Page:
Knight’s first few weeks with us were trying on our nerves as we all needed to adjust to his hyper tendencies. Once he picked on the fact that his hyper actions drove some in the house batty, he played on this weakness. I had talks with my other children about how to react to Knight’s behaviors and expressed that we were to all focus on giving Knight positive attention instead.  I ask them to follow my lead in ignoring the outburst, going on about their business, or changing their location if possible (leaving the room). This provided to be difficult because their ages were so close and my boys were feeling as though I would allow Knight to get away with things they were not allowed to do – ever. After a bit of practice on the boys parts, they were able to follow my instructions with Knight’s negative behavior. They simply had to change their mindset.

Example: Knight is on the couch playing Xbox with one of his new brothers and randomly starts pausing the game at important parts when his new brother is about to achieve success on a mission. Knight’s new brother waits until the game is resumed and then begins to play again. This pause/resume of the game continues throughout a 5 minute time frame about 20 times. Knight’s new brother is frustrated. He sets his controller down and walks away. Knight screams COME BACK and play with me NOW.  His new brother says, “You’re annoying me. There’s something else I’d rather do. You can play alone.” Knight is now upset and confused. He comes to talk to me about it. I explain to him I understand how he and his new brother both feel. I also told him that bringing annoying behavior to his attention should help understand why people were wanting to avoid him. Last I explained that if he wants to make lasting friendships, he will need to figure out a way to channel his hyper energy in ways that do not annoy people.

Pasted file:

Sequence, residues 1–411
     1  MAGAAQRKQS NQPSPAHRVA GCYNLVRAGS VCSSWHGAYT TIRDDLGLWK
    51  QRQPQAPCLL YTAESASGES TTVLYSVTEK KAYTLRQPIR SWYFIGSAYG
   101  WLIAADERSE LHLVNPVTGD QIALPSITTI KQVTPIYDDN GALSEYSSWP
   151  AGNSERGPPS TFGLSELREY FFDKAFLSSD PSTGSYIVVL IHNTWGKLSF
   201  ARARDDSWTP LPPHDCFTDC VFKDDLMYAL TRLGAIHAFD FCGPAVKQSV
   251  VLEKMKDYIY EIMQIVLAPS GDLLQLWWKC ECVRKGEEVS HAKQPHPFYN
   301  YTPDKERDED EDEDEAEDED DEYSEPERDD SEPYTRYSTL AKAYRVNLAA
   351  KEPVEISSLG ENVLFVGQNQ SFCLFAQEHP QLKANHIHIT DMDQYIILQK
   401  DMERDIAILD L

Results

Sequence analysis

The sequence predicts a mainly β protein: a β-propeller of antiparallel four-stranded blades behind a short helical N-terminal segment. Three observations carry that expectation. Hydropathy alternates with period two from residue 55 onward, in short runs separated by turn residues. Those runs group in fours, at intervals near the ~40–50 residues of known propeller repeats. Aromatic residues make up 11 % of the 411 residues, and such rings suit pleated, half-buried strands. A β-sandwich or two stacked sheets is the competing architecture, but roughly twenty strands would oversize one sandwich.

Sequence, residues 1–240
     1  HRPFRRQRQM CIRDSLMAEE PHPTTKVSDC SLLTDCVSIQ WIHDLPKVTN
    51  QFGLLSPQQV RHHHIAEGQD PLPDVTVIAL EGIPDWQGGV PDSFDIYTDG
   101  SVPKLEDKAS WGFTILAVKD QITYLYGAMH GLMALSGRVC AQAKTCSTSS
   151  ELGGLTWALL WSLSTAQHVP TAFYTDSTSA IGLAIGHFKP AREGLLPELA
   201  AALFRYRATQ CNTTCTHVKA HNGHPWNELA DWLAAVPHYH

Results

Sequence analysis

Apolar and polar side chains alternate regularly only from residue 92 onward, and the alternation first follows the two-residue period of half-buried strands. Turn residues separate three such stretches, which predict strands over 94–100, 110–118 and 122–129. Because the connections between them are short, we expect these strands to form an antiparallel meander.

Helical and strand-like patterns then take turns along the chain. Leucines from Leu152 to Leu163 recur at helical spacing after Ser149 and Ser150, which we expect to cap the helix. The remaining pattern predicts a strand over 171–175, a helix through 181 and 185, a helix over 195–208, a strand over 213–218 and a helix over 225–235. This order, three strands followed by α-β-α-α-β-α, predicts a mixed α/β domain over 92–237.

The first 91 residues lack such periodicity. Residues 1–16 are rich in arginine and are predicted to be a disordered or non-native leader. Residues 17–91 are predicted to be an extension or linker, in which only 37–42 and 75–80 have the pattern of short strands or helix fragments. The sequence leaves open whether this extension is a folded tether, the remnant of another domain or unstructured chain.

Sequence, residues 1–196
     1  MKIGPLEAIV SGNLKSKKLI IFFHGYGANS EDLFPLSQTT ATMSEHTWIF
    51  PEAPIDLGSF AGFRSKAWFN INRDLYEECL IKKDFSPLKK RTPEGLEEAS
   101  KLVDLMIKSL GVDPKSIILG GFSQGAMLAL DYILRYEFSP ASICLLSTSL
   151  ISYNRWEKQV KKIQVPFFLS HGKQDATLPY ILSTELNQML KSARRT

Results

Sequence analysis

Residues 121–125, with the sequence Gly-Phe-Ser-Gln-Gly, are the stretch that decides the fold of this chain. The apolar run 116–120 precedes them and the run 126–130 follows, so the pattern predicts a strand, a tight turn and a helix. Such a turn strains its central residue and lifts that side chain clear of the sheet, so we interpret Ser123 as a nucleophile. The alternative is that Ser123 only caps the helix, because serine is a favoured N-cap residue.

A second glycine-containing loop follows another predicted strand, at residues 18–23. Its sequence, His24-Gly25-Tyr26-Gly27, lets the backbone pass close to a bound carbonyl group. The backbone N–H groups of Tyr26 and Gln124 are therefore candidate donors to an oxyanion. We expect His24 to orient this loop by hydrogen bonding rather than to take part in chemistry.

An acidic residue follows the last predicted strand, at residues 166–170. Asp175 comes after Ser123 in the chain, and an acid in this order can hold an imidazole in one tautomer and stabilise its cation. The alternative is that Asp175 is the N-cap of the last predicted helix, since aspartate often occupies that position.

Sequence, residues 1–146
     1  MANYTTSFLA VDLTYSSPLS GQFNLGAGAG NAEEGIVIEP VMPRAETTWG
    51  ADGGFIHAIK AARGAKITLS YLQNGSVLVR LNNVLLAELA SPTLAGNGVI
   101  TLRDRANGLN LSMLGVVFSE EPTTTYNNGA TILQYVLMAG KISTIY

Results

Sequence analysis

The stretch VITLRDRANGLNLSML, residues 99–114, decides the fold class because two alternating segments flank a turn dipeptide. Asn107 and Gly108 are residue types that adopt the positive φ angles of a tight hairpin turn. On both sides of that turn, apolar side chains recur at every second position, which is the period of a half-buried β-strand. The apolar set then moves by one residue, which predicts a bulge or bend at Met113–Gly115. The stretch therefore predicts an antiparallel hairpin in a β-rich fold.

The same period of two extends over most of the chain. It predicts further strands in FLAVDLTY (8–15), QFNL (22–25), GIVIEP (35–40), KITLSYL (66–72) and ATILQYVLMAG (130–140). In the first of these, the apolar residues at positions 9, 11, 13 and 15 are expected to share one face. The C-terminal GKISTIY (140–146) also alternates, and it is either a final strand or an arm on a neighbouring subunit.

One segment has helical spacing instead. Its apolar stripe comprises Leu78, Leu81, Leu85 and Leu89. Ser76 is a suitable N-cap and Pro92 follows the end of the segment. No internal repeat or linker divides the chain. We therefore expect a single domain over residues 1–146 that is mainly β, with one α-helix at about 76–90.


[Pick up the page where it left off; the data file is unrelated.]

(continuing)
Example: Knight would walk through the house at different times of the day randomly yelling as loud and shrill as he could.  I spoke with Knight about these random outburst and explained that he was giving everyone a headache. This went on for a couple of months. Outburst changed from a shrill screeching to random words.  We all ignored this behavior and made a huge deal/celebration daily about Knight being able to share his Xbox and game play with his new brothers.